You know the old saying “You are what you eat,” right?
Well, today, I’m adding a little addendum: “You are as productive as the food you eat.”
Not sure what I mean? Tell me if this scenario sounds familiar.
It’s Friday (woo-hoo!) You walk into the office with your usual cup of coffee, exchange TGIF high-fives with your colleagues, and get down to work.
You might munch on a pastry, or just keep sipping on caffeine while you plow through morning meetings and deadlines.
Then, someone pokes their head into your workspace. “Come on, it’s time for lunch!”
This isn’t just any lunch, mind you. This is Fridaylunch. The caloric splurge day where you celebrate the coming weekend with your colleagues.
Maybe you chow down on pizza, or burgers and beer, or steak and wine. Either way, it’s scrumptious, and probably splashed with booze & fats.
When it’s over, you head back to the office and—get diddly squat done for the rest of the day. You twiddle your thumbs, chit chat, or mess around on Facebook or email until 5 o’clock.
This slacking might not be the end of the world. But it means you’ll have to log in for 3 extra hours on Sunday to get the rest of your work done (sad trombone).
So, why does “Friday lunch” syndrome happen?
Because, believe it or not, food has as much of an effect on your productivity as sleep and scheduling.
There’s a reason why caffeine, sugary snacks, and energy drinks don’t fix that problem, either. Sure, they give you a temporary rush. But afterwards, you feel worse than before. This is because your body needs food—healthy, whole, fueling food—to make it through the day. That’s not something you can fake with syrupy lattes or Redbull, no matter how hard you try.
Which brings us back to the Friday lunch phenomenon, and what to do about it.
Here’s how you can dodge the ‘slacker Friday’ trap, and get back to enjoying your weekend already.
1. Think about what you eat on those less-than-productive days.
It doesn’t have to be at the end of the week, either. If you have a problem staying focused in general, this is probably connected to the food (or lack thereof) you’re putting in your body.
What do you chow down on for your usual breakfast/lunch/dinner? Does it have a lot of sugars, meats, and carbs? Is the one beer you have with lunch sending you straight for naptime?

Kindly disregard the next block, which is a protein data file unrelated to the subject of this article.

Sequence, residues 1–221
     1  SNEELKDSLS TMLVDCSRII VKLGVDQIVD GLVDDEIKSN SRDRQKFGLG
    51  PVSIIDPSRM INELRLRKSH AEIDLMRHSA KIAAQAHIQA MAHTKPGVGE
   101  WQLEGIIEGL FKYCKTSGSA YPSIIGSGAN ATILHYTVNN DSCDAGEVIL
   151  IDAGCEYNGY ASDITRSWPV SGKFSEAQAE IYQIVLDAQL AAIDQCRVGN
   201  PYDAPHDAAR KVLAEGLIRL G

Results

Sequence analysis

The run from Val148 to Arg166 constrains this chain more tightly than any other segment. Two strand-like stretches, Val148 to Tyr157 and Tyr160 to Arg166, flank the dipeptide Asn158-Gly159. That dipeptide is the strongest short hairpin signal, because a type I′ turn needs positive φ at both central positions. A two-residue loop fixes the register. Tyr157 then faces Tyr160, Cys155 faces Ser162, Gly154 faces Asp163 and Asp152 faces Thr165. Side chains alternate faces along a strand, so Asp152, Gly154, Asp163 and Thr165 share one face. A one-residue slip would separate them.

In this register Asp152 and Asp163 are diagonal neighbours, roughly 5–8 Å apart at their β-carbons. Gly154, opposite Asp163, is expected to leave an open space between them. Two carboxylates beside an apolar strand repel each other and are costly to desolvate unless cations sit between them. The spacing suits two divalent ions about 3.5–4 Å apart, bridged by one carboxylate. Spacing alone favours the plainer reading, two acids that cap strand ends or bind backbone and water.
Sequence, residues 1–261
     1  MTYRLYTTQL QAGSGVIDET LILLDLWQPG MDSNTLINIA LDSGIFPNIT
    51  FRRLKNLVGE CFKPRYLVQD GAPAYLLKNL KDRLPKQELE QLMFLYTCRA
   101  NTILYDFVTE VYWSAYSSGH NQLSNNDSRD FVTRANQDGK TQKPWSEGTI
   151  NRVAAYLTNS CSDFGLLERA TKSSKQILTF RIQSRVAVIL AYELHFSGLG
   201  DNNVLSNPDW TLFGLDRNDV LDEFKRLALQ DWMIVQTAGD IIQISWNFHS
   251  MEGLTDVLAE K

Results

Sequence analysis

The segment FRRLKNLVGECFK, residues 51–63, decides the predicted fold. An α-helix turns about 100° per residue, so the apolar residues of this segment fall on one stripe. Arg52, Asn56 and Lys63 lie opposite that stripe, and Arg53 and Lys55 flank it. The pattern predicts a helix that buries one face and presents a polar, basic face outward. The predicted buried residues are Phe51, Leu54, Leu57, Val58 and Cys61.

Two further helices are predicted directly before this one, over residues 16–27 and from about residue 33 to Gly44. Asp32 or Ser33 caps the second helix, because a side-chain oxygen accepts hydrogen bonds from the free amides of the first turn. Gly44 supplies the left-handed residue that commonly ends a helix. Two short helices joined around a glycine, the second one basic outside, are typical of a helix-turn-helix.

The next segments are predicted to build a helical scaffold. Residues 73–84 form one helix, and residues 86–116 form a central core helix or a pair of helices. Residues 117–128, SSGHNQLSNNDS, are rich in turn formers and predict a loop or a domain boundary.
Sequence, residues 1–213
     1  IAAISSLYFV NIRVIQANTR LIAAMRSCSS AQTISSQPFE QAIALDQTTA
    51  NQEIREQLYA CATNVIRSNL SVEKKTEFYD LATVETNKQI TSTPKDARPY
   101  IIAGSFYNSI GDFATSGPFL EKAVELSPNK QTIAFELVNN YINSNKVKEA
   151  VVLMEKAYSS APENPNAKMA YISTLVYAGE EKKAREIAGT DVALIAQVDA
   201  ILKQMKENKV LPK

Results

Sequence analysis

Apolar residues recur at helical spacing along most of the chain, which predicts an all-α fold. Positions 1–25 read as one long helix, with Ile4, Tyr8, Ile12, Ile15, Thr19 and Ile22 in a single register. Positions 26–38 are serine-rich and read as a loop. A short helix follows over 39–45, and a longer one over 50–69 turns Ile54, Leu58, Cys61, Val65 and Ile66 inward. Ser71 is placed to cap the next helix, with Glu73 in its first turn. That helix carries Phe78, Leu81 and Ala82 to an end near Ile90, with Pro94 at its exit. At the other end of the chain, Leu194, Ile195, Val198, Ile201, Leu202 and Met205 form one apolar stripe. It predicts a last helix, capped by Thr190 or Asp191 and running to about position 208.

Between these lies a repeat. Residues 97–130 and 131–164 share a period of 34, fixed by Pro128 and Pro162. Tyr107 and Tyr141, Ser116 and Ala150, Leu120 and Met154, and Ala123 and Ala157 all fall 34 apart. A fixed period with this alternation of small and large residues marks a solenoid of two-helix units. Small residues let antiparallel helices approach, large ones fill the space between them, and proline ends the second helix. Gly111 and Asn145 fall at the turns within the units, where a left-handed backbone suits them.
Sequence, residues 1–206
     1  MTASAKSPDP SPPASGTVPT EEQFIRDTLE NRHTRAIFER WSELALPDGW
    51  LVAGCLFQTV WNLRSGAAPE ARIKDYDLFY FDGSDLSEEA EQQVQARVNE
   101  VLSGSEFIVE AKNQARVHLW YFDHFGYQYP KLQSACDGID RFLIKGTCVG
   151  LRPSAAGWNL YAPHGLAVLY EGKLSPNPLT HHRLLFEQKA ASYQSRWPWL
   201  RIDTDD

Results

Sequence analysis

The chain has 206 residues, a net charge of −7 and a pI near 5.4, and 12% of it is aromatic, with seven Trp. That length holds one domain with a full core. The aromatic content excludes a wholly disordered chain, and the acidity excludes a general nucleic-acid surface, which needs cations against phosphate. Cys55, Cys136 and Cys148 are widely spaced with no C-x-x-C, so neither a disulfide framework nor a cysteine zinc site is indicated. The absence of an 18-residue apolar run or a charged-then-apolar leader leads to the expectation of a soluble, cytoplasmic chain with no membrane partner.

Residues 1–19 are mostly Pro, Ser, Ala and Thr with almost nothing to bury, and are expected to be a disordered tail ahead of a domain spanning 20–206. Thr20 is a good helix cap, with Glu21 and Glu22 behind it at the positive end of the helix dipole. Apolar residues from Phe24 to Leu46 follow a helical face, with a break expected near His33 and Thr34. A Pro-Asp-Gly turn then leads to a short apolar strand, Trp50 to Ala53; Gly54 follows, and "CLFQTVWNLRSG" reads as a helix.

Low energy usually means your body is having a hard time digesting or processing what you’ve put into it. So it’s time to rethink what you put on your plate—at all hours of the day.
2. Plan a more fueling lunch to crank your productivity with the 3 S’s rule: sushi, soup, or salad.
I get it. Not everyone’s a culinary genius or food pro. But just because you’re not ready to dive into an all-green-smoothie diet (ick!) doesn’t mean you can’t make smart decisions.
Next time you’re at a restaurant, make it a rule to eat either a sushi, soup, or salad (the three s’s). These foods are light, easy to digest, and give your brain the nutrition it needs to stay sharp and on task the rest of the day.
Forego booze if you can. Happy hour drinks are well and good, but if you’re still turning Sunday into a weekday, I suggest saving the brews for post-work hours.
Avoid the 3 P’s: pizza, pasta or prime rib.
3. Stop trying to trick your body.
Energy drinks and excess coffee can’t give you the energy you truly need, because they don’t nourish you. Instead, they take you and your adrenal glands on a rollercoaster of highs and lows.
That’s a major efficiency killer that trips people up all too often. So next time you’re yawning and reaching for your third cup o’ joe, try keeping a water bottle with herbal tea, or a healthy snack like carrots and hummus on hand to give you the delicious boost you need.
The best part about fueling your body properly? You can stop playing catch up.
When your mind and body are ready to roll, you can keep your work week where it belongs: between Monday and Friday.
No more scrambling to hit your deadlines. No more struggling to stay awake at your desk. Just beautifully-fueled brains, and rockin’ weekends.
Have I mentioned you’ll feel absolutely amazing as well?
All managers and leaders must master the art of delegation. Understanding how and when to allocate responsibility to others is essential in maintaining a high level of productivity, both on a personal and organizational level. Knowing how to delegate is also essential for an effective leadership.